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Massoud Hossaini, Associated Press
Afghan National Army (ANA) soldiers prepare to participate in a military exercise on the outskirts of Kabul, Afghanistan, Wednesday, April 30, 2014. The Afghan National Security Forces depend exclusively on billions of dollars in funding from the United States and its allies, money that is now at risk.

WASHINGTON — A former commander of U.S. and NATO forces in Afghanistan says corruption, not the Taliban, is the worst threat to the future of the war-torn country.

In testimony Wednesday before a Senate subcommittee, Ret. Gen. John Allen said the Taliban are an "annoyance" compared to widespread corruption in Afghanistan.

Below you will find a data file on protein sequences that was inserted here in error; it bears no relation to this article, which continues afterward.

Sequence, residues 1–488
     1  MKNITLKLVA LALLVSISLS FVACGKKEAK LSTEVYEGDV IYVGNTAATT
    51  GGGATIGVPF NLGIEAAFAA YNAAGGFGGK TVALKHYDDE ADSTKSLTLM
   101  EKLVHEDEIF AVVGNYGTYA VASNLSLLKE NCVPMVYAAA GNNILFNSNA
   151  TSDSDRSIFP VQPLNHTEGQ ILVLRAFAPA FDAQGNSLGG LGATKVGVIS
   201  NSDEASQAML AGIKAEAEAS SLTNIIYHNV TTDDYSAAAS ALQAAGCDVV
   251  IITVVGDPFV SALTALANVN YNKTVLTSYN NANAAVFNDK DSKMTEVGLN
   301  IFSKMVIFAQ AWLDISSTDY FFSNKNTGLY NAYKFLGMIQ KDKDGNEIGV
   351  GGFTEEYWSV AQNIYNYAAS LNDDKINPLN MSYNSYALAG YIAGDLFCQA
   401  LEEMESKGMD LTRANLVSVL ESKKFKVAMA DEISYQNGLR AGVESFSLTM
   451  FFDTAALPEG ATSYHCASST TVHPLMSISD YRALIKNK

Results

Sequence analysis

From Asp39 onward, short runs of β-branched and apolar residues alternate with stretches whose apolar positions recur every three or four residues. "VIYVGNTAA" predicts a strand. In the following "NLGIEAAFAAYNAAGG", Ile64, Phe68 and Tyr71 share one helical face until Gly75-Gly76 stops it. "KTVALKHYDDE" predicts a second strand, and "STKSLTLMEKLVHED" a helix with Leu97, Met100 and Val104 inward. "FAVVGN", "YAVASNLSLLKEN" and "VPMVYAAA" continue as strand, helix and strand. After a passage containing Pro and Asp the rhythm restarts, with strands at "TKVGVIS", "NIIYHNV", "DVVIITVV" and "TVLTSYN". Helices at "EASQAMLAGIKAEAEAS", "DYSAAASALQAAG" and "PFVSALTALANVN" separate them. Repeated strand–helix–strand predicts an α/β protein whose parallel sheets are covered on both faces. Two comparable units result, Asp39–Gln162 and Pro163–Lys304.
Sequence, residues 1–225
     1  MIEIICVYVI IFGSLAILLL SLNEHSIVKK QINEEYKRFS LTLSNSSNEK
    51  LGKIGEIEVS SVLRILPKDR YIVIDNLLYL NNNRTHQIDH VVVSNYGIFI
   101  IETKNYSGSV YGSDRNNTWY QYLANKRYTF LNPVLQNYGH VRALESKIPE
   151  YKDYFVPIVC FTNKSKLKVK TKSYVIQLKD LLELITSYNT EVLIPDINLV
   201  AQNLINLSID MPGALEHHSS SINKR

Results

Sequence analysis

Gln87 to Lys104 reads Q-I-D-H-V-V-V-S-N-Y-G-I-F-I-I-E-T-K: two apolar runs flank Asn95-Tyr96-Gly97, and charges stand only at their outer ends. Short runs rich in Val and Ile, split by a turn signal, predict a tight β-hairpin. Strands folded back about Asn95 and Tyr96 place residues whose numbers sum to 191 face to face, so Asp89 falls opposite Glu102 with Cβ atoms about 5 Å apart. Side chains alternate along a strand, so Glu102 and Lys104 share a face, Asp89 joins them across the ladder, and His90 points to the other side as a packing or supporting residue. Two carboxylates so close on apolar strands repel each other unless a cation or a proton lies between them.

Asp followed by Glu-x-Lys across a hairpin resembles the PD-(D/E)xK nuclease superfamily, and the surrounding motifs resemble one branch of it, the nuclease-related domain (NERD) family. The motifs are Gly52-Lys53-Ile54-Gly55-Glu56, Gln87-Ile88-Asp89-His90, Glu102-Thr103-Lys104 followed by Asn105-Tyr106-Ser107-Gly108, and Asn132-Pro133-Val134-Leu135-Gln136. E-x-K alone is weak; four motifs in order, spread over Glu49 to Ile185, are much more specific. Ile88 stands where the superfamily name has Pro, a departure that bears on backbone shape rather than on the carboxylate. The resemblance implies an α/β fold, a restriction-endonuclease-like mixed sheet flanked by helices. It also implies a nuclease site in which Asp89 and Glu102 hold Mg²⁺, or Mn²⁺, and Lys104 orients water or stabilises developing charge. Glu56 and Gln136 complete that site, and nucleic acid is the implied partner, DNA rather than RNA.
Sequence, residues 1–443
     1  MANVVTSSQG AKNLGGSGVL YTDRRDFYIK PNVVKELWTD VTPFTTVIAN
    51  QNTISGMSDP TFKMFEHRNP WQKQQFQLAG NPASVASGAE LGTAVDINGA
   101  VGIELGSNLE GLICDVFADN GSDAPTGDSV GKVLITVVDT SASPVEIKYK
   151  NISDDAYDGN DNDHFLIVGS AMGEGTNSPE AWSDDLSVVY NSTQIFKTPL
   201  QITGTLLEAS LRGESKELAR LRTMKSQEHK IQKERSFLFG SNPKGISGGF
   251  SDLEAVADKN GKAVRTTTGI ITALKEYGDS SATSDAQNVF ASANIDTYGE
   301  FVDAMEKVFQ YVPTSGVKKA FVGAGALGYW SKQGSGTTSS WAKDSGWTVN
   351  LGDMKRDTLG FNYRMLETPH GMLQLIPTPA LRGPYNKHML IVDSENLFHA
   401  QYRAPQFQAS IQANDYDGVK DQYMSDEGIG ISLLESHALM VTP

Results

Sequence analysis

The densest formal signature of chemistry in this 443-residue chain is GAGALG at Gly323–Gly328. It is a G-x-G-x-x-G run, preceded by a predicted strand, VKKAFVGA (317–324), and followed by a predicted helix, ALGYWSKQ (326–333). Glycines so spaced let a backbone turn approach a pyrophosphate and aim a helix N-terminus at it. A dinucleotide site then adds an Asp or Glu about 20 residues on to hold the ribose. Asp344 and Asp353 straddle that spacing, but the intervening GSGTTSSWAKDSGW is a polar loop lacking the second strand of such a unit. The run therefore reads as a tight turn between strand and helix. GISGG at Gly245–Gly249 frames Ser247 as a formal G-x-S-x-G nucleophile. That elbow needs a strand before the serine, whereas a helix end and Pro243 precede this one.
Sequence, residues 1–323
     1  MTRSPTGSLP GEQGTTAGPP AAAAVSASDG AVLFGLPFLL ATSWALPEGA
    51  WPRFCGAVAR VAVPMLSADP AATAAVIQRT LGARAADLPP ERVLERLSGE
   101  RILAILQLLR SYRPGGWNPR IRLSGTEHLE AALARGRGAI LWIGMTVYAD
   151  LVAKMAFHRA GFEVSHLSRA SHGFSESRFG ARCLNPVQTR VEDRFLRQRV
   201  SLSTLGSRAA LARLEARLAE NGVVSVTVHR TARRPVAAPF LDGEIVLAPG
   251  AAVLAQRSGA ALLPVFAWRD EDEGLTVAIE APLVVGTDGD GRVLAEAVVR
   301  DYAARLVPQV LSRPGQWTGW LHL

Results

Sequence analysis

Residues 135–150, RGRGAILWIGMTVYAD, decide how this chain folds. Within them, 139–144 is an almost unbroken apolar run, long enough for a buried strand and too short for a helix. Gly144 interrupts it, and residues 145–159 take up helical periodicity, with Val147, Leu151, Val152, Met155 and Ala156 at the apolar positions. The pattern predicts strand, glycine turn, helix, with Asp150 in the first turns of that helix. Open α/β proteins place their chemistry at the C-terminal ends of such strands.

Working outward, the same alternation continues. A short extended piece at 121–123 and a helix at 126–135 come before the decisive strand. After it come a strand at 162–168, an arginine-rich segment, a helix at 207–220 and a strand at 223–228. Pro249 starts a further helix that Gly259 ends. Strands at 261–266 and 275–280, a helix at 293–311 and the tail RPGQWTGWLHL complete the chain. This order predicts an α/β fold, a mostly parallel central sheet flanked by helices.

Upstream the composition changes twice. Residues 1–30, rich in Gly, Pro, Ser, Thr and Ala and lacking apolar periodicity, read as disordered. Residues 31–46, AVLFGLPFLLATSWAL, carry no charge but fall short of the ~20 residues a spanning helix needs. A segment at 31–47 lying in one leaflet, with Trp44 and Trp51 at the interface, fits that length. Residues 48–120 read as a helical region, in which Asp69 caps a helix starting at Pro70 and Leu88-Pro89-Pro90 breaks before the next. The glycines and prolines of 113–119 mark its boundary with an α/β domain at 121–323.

Allen has recommended that 13,600 U.S. troops stay in Afghanistan after the NATO combat mission ends this year to help the Afghan security forces. He says the Afghans need time to improve leadership skills and technical know-how, which will allow them to mitigate the threat from the Taliban going forward.

Allen also urged the next Afghan president to repair relations with the United States, which have been badly damaged by Afghan President Hamid Karzai's unwillingness to sign a bilateral security agreement.